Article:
Under the Radar?: “Attack the Block”

20111129-211202.jpg

“Attack the Block” is a British sic-fi/action adventure film from earlier this year. It’s the story of a gang of young street punks who, after robbing a woman of her purse, are nearly struck by a meteorite. When they investigate the car it landed on, they discover an alien life form. There’s a brief struggle with the creature where the leader of the gang, Moses, gets badly scratched. Vowing revenge, the boys all chase the creature down and beat it to death.

What they don’t know is that the creature is just the first of many – the invasion has begun.

After a brief period where the young boys drag the alien carcass around their neighborhood, showing it off victoriously, the meteorites begin to fall. The boys rush out to confront the creatures, but discover that the creatures falling now are much tougher than first one they faced. Realizing the severity of the situation, the boys realize what they need to do is to get back to their home turf. They need to get back to their building and defend their block.

“Block” is the first movie from director Joe Cornish, and he does a great job here. He does a superb job of pacing the film. The movie wastes absolutely no time in getting into the action, and once it gets started it doesn’t let up. Even when nothing is happening, Cornish infuses the brief downtimes with intense character moments and insanely cool dialogue.

He also does a great job with the young cast. John Boyega, Alex Esmail, Franz Drameh, Leeon Jones, and Simon Howard are great as the gang members. But better than their performances is how Cornish handles them as characters. The boys do do heroic things, but Cornish never lets us forget that they’re really young punks. They’re brave, they’re tough, and they’re loyal, but we’re frequently reminded that they’re hooligans.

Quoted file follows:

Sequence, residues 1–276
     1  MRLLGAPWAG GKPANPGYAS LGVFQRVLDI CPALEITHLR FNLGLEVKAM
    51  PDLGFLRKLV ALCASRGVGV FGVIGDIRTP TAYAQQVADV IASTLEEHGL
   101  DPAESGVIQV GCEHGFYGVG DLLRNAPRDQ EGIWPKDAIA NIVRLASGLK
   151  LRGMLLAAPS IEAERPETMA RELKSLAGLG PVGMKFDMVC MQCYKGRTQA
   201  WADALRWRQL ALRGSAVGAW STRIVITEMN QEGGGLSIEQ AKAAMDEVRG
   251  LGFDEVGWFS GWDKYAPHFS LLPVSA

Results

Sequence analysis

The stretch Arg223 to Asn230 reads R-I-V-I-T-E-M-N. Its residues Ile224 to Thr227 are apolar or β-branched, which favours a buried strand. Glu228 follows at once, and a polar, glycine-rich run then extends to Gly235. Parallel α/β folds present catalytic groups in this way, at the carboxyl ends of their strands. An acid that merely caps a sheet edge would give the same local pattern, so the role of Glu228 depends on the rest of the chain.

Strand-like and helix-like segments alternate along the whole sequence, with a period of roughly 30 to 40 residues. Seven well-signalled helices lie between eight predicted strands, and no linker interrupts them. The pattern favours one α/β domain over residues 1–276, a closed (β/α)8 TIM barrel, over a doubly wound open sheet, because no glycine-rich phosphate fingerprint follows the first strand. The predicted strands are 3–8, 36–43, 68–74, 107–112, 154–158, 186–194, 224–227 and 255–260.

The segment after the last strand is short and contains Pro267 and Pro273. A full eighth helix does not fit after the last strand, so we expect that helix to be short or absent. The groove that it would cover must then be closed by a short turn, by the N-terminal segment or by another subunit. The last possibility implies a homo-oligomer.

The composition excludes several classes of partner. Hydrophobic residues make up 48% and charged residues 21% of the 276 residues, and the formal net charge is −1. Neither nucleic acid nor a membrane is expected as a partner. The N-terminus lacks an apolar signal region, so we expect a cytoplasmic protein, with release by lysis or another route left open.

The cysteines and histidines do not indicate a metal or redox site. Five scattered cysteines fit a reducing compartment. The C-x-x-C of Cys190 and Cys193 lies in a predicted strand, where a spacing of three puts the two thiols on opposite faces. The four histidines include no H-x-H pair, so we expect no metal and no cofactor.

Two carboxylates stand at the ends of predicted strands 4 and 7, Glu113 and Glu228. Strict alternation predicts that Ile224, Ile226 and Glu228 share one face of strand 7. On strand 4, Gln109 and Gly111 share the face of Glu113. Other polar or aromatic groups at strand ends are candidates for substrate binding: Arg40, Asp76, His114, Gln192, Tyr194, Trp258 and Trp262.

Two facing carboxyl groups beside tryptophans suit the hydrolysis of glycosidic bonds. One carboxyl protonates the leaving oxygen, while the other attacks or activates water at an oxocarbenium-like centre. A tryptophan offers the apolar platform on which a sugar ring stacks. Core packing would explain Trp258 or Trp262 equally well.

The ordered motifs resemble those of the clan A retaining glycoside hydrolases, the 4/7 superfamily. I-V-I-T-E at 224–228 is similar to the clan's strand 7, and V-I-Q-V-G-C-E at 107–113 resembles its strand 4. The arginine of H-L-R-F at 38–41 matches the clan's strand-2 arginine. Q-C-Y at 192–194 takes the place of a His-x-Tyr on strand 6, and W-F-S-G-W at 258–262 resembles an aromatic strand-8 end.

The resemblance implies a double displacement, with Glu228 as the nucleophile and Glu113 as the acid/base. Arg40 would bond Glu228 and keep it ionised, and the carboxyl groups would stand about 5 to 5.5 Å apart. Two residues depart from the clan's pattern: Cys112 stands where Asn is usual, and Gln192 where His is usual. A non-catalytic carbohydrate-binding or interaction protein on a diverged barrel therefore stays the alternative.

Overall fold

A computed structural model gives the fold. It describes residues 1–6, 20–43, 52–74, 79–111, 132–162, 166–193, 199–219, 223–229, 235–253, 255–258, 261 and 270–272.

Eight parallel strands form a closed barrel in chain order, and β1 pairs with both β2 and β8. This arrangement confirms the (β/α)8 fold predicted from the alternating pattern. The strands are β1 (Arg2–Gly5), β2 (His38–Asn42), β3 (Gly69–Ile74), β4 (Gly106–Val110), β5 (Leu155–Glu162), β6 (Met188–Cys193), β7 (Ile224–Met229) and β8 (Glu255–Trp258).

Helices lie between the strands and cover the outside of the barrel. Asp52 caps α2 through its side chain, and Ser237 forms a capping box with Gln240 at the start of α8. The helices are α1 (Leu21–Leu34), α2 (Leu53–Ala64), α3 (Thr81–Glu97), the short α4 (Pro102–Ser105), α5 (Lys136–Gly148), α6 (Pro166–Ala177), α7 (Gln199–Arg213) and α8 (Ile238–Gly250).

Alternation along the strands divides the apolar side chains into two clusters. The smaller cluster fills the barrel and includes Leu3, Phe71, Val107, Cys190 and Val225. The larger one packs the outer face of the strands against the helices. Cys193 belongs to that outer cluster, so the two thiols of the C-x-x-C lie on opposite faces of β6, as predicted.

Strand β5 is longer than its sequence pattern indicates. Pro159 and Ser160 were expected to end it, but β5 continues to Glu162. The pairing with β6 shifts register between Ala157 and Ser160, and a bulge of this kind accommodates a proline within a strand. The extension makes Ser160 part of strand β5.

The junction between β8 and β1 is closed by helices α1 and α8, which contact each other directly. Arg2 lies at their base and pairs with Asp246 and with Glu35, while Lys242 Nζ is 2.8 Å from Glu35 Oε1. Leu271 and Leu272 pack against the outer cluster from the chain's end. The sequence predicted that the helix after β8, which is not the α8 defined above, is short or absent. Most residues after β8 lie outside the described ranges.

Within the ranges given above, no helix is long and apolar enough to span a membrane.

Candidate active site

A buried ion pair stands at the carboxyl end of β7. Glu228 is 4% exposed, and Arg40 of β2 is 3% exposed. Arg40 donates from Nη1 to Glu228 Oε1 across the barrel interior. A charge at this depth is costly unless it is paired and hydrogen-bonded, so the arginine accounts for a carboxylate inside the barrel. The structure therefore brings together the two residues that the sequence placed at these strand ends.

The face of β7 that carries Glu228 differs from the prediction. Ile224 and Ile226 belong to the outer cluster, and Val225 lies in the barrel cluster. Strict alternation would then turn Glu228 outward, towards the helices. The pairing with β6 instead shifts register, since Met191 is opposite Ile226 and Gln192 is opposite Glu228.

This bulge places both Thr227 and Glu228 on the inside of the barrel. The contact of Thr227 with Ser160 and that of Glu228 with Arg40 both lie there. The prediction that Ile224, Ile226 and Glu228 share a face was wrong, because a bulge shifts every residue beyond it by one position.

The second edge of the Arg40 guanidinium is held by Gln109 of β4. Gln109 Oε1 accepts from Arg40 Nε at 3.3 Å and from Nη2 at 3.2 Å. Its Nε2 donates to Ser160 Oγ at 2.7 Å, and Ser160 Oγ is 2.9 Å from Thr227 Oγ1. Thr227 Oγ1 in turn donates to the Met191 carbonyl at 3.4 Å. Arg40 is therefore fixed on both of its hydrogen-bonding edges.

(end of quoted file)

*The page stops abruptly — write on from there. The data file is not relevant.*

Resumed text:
But the best thing Cornish does is to create realistic, compelling, small scale action sequences. It’s obvious he was working with a constrained budget, so he keeps the creature design simplistic. I’m not implying they’re bad -they’re not, they’re fine – but it’s apparent they chose a cost effective design. It’s the way the kids battle against them that stands out. The heroes flee on mopeds, in stolen cars, hide in dumpsters, use makeshift weapons, shoot fireworks. Everything seems relatively… credible. They take what could have been a weakness of the film (not being able to afford big special effects) and turn it into a strength by getting creative with their limited resources, but at the same time keeping the film grounded in its portrayal of how this street gang would defend their home.